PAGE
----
Presence is an intimate look at the development of a new theory about change and learning. In wide-ranging conversations held over a year and a half, organizational learning pioneers Peter Senge, C. Otto Scharmer, Joseph Jaworski, and Betty Sue Flowers explored the nature of transformational change—how it arises, and the fresh possibilities it offers a world dangerously out of balance. The book introduces the idea of “presence”—a concept borrowed from the natural world that the whole is entirely present in any of its parts—to the worlds of business, education, government, and leadership. Too often, the authors found, we remain stuck in old patterns of seeing and acting. By encouraging deeper levels of learning, we create an awareness of the larger whole, leading to actions that can help to shape its evolution and our future.
Drawing on the wisdom and experience of 150 scientists, social leaders, and entrepreneurs, including Brian Arthur, Rupert Sheldrake, Buckminster Fuller, Lao Tzu, and Carl Jung, Presence is both revolutionary in its exploration and hopeful in its message. This astonishing and completely original work goes on to define the capabilities that underlie our ability to see, sense, and realize new possibilities—in ourselves, in our institutions and organizations, and in society itself.
\Peter Senge is a senior lecturer at the Massachusetts Institute of Technology, the founding chair of SoL, a renowned pioneer, theorist, and writer in the field of management innovation, and the author of the widely acclaimed book, The Fifth Discipline: The Art and Practice of the Learning Organization (Doubleday/Currency, 1990). C. Otto Scharmer is a lecturer at the MIT Sloan School of Management, a Visiting Professor at the Helsinki School of Economics, and international action researcher, and author of the forthcoming book Theory U: Leading from the Emerging Future. Joseph Jaworski is the chairman of Generon Consulting, cofounder of the Global Leadership Initiative, and author of the critically acclaimed Synchronicity: The Inner Path of Leadership (Berrett-Koehler, 1996). Prior to her current role as director of the Johnson Presidential Library and Museum, Betty Sue Flowers was a professor of English at the University of Texas at Austin and an international business consultant.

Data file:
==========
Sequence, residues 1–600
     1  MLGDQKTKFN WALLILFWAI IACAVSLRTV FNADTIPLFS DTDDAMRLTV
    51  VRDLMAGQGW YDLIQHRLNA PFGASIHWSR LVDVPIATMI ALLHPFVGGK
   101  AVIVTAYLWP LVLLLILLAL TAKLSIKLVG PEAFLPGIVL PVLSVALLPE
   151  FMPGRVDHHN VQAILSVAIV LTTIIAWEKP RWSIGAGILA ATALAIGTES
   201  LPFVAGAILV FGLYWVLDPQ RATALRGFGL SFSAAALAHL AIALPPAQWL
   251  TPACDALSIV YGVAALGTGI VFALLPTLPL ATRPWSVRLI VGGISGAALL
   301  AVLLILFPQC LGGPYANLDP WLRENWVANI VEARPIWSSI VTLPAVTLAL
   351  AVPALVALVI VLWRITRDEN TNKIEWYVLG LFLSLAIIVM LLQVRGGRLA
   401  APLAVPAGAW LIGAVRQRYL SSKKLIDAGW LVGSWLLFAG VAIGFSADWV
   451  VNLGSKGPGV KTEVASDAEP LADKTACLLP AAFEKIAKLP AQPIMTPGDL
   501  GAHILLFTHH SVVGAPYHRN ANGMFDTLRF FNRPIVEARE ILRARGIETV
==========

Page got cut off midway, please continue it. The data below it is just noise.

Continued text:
SoL (The Society for Organizational Learning, Inc.), an outgrowth of the former MIT Center for Organizational Learning, is a nonprofit international membership organization that connects researchers, organizations, and consultants in over thirty countries in building knowledge for systemic change. A portion of the net proceeds from SoL publishing sales are reinvested in basic research, applied learning projects, and building a global network of learning communities.
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